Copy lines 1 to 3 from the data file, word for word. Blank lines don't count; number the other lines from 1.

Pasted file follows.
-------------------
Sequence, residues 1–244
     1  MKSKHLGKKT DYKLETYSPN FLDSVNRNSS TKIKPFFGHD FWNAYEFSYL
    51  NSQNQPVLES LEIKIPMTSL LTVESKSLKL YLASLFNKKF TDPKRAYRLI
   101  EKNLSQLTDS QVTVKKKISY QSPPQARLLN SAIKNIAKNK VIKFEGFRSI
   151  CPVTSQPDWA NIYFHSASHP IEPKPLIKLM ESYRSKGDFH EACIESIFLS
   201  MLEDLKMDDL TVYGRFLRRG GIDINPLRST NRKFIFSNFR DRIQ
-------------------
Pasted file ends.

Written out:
Sequence, residues 1–244
     1  MKSKHLGKKT DYKLETYSPN FLDSVNRNSS TKIKPFFGHD FWNAYEFSYL
    51  NSQNQPVLES LEIKIPMTSL LTVESKSLKL YLASLFNKKF TDPKRAYRLI